Orland-Tampa train proposal includes a stop at Walt Disney World

Posted Friday, November 30, 2018 9:13 AM | Contributed by Jeff

Brightline appears to be planning a stop at Walt Disney World as part of its proposed Tampa-Orlando service, new documents show. The Tampa-to-Orlando train moved one step closer to reality on Wednesday when the Florida Department of Transportation announced that it has agreed to move forward negotiating with Brightline for right of way leases.

Read more from WESH/Orlando.

Thursday, December 6, 2018 8:48 AM

When you look at the US a train from NYC to LA doesn't make much sense. But when you look at NYC to Pittsburgh to Cleveland to Chicago, etc, it starts to make a lot more sense.

Thursday, December 6, 2018 11:50 AM

It seems insane to me that things like Hyperloop are even discussed when the solution already exists and has been implemented for over 40 years around the world.

Last edited by ApolloAndy, Thursday, December 6, 2018 11:52 AM
Thursday, December 6, 2018 2:26 PM

When state and local governments are in the "business" of transportation I have to wonder, how much do they really want to stomach competition? Here in Florida we have the Turnpike and other regional pay as you drive systems in place and they do some pretty big business. Reliable mass transit (particularly if it is private like Brightline/Virgin) could eat into what is really a monopoly.

Thursday, December 6, 2018 7:30 PM

eightdotthree said:
When you look at the US a train from NYC to LA doesn't make much sense. But when you look at NYC to Pittsburgh to Cleveland to Chicago, etc, it starts to make a lot more sense.

And that’s the thing. Do we need a direct east to west HSR line? Probably not. But high speed between cities. Boston to NYC thru DC, Philly, Pittsburg, Cleveland, Chicago? Yes. Up and down the wear coast? Yes. Clusters of high speed rail that maybe kind of start connecting? Absolutely.

Wednesday, December 12, 2018 6:04 PM

Connection DFW, Austin, Houston, and San Antonio also makes a ton of sense, especially since there's pretty much nothing in between them.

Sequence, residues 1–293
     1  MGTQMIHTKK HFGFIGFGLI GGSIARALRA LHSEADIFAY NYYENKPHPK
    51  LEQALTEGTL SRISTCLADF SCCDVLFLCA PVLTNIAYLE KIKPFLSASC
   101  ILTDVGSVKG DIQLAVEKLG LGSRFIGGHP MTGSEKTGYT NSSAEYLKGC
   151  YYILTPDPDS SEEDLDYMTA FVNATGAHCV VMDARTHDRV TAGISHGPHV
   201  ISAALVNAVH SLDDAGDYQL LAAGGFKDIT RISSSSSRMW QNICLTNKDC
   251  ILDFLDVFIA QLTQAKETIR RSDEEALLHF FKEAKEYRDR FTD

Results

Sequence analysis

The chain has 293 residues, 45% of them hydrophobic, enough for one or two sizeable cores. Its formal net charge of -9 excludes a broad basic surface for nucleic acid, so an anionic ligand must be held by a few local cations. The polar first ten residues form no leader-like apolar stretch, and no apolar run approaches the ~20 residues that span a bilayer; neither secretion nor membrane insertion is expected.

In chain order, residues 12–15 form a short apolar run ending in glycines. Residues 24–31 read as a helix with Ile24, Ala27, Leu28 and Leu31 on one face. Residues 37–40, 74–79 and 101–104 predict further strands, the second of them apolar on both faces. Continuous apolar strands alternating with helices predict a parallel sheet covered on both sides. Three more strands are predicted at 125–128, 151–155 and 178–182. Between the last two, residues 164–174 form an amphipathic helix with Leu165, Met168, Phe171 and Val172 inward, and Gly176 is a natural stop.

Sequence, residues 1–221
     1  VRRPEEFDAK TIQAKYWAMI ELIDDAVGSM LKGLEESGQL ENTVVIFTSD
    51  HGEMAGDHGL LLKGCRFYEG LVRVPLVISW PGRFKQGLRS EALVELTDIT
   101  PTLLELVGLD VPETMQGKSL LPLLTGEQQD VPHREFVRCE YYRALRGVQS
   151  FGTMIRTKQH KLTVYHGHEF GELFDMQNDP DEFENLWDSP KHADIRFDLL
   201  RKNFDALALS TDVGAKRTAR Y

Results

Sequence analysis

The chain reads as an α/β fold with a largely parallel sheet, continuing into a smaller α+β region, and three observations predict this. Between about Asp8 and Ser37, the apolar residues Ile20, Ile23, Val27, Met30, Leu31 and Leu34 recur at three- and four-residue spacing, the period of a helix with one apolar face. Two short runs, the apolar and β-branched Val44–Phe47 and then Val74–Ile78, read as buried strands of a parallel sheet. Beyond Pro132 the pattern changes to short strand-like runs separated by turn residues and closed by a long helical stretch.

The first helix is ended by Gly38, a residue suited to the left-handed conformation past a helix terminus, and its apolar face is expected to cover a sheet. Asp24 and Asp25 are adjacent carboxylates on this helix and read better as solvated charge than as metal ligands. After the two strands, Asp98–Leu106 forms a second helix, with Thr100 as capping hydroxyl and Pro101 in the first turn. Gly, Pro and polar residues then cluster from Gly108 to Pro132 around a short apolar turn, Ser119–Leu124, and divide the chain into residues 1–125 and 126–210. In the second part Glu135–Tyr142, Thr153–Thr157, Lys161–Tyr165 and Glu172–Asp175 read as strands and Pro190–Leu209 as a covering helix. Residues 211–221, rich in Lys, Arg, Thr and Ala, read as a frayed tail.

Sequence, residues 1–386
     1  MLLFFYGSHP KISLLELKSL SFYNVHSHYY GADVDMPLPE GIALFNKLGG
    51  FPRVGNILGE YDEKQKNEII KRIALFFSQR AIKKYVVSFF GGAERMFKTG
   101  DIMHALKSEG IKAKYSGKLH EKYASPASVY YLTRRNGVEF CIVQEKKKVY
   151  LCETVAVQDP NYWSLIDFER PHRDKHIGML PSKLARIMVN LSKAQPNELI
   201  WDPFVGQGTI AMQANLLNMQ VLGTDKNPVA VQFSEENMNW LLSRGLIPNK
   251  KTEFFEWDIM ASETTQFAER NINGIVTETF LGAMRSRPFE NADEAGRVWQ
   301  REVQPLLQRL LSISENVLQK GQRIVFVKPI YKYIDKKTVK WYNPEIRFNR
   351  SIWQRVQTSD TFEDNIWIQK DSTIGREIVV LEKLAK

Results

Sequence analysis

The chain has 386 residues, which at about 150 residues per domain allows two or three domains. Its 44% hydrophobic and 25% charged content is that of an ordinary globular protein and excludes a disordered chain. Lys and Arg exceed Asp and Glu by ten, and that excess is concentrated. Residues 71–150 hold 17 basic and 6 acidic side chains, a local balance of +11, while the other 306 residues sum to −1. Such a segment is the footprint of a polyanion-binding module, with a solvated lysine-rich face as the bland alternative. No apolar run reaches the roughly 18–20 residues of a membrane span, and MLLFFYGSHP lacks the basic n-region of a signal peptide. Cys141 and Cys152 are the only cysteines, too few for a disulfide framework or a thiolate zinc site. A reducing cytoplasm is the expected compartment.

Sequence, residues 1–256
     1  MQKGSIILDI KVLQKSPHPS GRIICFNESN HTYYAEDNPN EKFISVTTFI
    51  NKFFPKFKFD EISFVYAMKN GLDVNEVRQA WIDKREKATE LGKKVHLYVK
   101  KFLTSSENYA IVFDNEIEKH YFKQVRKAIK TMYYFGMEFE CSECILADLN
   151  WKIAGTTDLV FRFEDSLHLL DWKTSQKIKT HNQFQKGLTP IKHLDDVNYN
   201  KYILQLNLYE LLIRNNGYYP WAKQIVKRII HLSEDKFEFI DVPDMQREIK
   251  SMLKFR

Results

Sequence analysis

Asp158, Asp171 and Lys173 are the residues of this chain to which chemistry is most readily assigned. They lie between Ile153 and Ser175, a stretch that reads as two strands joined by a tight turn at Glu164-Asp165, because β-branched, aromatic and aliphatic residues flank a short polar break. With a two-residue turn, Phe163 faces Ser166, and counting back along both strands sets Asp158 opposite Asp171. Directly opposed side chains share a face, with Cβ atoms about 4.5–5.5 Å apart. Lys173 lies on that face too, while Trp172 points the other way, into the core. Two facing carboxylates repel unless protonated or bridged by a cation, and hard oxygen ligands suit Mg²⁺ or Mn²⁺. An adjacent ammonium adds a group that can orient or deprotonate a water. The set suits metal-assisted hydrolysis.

Friday, December 14, 2018 12:53 AM


Saturday, December 15, 2018 11:08 PM

Article that talks about certain differences in Europe, Asia and the US and the impacts of those differences in terms of high speed rail.


Monday, December 17, 2018 6:35 AM

The Acela route from DC to Boston isn't half bad given the constraints mentioned in the Forbes article---I suspect because in that corridor, population density justifies it. I've used it a few times, and if I lived somewhere near it, I'd use it a lot more often. It is vastly more pleasant to take the Acela from e.g. DC to NYC than to fly.

Monday, December 17, 2018 10:54 AM

I recently took Acela for the first time from DC to Philadelphia and I was totally impressed with every aspect of the experience. Comfortable seating, smooth ride, power and (good) WiFi at every seat. There was a bar car where you could grab a quick snack and/or a drink and you could get up and go to the bathroom whenever you wanted.

If I ever need to travel within the Boston/DC corridor again, Acela is the way to go and way better (and in some cases faster) than flying.

Monday, December 17, 2018 11:02 AM

Flying sucks, but I just flew to Boston last week and it was an hour and 15 (flight time). Factor in travel time to the airport and TSA checks and it's still about half the time it would take on Amtrak.

Monday, December 17, 2018 6:50 PM

In October we flew from Maui to the neighboring Big Island. For a seventeen minute flight we spent the better part of the day dealing with all that goes with rental cars and air travel.
Mind you, rail service would likely be an improbability for Hawaii, but it really opened up my eyes to the process and I couldn’t imagine having to do that frequently. I guess there used to be boat service, but no longer. Flying is probably still faster.


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